The image comes from the ancient quarries where highly-trained stoneMASONs carefully chose the stones used in construction. No stone was more important than the cornerstone because the integrity of the whole structure depended on the cornerstone containing exactly the right lines. If the cornerstone was not exactly right, the entire building would be out of line. For that reason, builders inspected many stones, rejecting each one until they found the one they wanted. Rejected stones might be used in other parts of the building, but they would never become the cornerstone or the capstone (the first and last stones put in place).
"Everyone then who hears these words of mine and does them will be like a wise man who built his HOUSE on the rock. 25 And the rain fell, and the floods came, and the winds blew and beat on that house, but it did not fall, because it had been founded on the rock. 26 And everyone who hears these words of mine and does not do them will be like a foolish man who built his house on the sand. 27 And the rain fell, and the floods came, and the winds blew and beat against that house, and it fell, and great was the fall of it." (Matt 7:24-27)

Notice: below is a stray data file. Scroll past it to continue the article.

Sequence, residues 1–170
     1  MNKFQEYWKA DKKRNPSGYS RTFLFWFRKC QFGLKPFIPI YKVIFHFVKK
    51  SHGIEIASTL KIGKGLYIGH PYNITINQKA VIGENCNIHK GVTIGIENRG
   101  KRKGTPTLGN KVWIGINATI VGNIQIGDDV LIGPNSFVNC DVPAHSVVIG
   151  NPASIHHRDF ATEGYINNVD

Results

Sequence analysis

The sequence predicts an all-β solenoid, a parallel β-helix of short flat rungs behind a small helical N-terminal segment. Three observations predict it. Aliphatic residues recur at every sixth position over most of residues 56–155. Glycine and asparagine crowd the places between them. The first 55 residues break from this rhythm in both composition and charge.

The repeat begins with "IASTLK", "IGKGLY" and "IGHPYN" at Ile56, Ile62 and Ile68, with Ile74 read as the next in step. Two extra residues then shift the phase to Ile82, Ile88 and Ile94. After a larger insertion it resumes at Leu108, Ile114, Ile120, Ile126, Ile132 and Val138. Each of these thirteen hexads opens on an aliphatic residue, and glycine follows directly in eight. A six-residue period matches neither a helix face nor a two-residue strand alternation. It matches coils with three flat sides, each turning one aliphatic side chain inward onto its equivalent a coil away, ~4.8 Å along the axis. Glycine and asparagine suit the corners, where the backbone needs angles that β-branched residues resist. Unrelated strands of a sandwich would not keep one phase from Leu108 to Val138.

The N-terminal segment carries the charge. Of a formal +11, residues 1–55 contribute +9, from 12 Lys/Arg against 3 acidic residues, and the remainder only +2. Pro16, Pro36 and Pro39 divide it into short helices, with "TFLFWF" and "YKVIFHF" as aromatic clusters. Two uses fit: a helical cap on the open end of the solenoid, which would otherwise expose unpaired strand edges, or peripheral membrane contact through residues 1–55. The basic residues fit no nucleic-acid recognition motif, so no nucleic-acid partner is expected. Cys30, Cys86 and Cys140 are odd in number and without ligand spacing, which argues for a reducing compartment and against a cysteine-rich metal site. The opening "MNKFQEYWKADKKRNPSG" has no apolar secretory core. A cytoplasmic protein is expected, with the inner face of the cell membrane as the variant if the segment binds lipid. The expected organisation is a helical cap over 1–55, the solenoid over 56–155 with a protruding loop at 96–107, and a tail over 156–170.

The Date?

On March 18, 1314, Jacques de Molay, the 23rd and final Grand Master of the Knights Templar, is burned at the stake.

Killing at Temple Mount

Attack from Dawn Star, March 18, 2018: Lawrence passed along this news.
An Israeli security guard was killed by an assailant armed with a knife on Sunday 18th March 2018, near the entrance to Lion's Gate in Jerusalem's Old City. He was initially seriously wounded, but later died. (Source.) 
The guard (Adiel Kolman, a married father of four) was from the West Bank settlement of 'Kochav Shachar'. The meaning in English is 'Dawn Star'. 'Shachar' means 'dawn' ('kochav' means 'star'). I sometimes see this place name sloppily misspelt/mispronounced in English as 'shahar' (including in that specific Jerusalem Post article, of all places. Usually the JPost gets it right), but it's 'shachar'. Sometimes 'kochav shachar' is translated as 'morning star', but it is literally 'dawn star'.

Lion's Gate in Jerusalem has its own mythic and political resonances of course. The entrance leads to the Via Dolorosa. The Wikipedia entry for Lion's Gate informs us: "Near the gate’s crest are four figures of leopards, often mistaken for lions, two on the left and two on the right. They were placed there by Sultan Suleiman the Magnificent to celebrate the Ottoman defeat of the Mamluks in 1517."
Israeli paratroopers famously stormed through this gate during the Six-Day War of 1967 to conquer the Temple Mount (from Jordan), after which they unfurled the Israeli flag above the Old City.

Historian Moshe Sharon notes the similarity of the sculpted lions to similar pairs at Jisr Jindas and Qasr al-Basha in Gaza. All represent the same Sultan: Baybars. Sharon estimates that they all date to approximately 1273 C.E.